There is widespread recognition that a fully operational SRF, with €55bn of contributions from banks by 2024, would fall far short of being able to provide financing for the resolution of a large bank.

Member states were able to agree in June that a backstop could take the shape of a credit line from the European Stability Mechanism to the SRF, reaching €55bn in size by 2024 and therefore effectively doubling the support available to failing banks.

“By December we need to agree on the design of the backstop and to think about what elements of risk reduction need to be in place before unlocking an early introduction of the backstop,” Donnay says.

Sharing is caring 

It is difficult to overstate how tall an order it will be in getting member states to consent to further risk sharing in the short term.

But those involved in the discussions are still very clear on why it is worth pursuing the Banking Union with such fervour.

“We must reflect on the fact that risk sharing is also risk reduction when member states are so economically integrated and particularly when they share a common currency,” says the Commission’s Donnay.

“While risk reduction remains primarily the responsibility of the member states with significant risks, not delivering any mutualisation of risks could potentially mean being stuck in an imperfect solution in terms of financial stability.”

And though the Banking Union project was conceived as a defensive measure following the trauma of the sovereign debt crisis, market participants have also come to appreciate that the project could help European banks to go on the offensive.

“It can inform where banks want to go in the medium to long term and it may throw up opportunities for growth and acquisitions, fostering cross-border consolidation,” says Morgan Stanley’s Dozin.

Cross border consolidation has been a holy grail in recent years. It is coveted because of the perceived benefits that a larger scale might bring to a European bank’s cost base, to its efficiency in meeting regulatory requirements and to its ability to compete with the US giants.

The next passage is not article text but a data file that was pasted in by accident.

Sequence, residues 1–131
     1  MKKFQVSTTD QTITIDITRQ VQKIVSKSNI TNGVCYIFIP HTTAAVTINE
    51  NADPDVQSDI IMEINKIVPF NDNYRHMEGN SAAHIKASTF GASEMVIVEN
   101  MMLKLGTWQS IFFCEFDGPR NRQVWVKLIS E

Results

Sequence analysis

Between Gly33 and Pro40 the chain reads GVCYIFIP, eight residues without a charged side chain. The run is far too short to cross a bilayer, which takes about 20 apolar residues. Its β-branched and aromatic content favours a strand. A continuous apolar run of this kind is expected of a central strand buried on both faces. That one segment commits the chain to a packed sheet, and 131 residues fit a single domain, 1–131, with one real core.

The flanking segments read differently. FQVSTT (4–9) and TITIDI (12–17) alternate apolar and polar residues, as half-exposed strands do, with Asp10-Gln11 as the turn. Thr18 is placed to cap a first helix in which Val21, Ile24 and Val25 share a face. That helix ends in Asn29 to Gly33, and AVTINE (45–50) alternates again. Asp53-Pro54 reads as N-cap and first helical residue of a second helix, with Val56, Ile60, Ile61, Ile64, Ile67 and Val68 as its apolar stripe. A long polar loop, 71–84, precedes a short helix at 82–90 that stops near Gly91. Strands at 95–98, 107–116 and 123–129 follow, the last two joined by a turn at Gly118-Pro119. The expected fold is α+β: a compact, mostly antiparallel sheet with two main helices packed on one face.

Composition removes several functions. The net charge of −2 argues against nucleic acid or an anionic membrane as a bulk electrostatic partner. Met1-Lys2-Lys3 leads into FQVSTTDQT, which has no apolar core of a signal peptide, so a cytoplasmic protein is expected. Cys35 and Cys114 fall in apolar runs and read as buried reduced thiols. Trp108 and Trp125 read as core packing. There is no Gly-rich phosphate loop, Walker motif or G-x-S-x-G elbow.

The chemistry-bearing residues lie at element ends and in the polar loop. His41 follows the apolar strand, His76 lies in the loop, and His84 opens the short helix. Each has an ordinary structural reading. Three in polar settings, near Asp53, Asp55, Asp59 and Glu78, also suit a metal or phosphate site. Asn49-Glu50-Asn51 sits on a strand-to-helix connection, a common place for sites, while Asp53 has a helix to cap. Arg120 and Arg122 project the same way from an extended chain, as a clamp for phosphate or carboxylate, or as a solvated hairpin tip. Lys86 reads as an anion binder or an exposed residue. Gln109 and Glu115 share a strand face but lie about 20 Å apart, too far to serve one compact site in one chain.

Though firms including Commerzbank, Société Générale and UniCredit have all been put through the rumour

Bank Capital
mill, there has been little more than talk so far in the field of consolidation in Europe.

And each swell of speculation has prompted sober reflection on why a more level playing field is needed in Europe to promote cross-border activity.

Completion of the Banking Union could achieve just that. Deposits would be equally protected throughout Europe and banks would be adhering to a much more unified rulebook, whether they are operating in France, Germany, Italy or any other country within the bloc.

“There is not the free flow of capital and liquidity yet, which you would need for Europe to be a true Banking Union,” says James Macdonald, financials analyst at BlueBay Asset Management in London.

“Until you get that, banks looking at M&A would have to incur the costs associated with the having capital and liquidity in multiple jurisdictions.”

In her speech in Lisbon in July, the Bank of Portugal’s Ferreira considered what would have to happen if it turned out that there was insufficient political will to see through the creation of the Banking Union.

She said member states would simply have to “structurally revisit the project” or risk “fragmenting the single market and realising that we missed this opportunity when the next crisis hits”.

With the time for seizing that opportunity at risk of slipping away, those involved in crafting the Banking Union are going to have to push very hard to advance talks to the next stage in the coming months.

The future for the growth and stability of European banks may well depend on their success.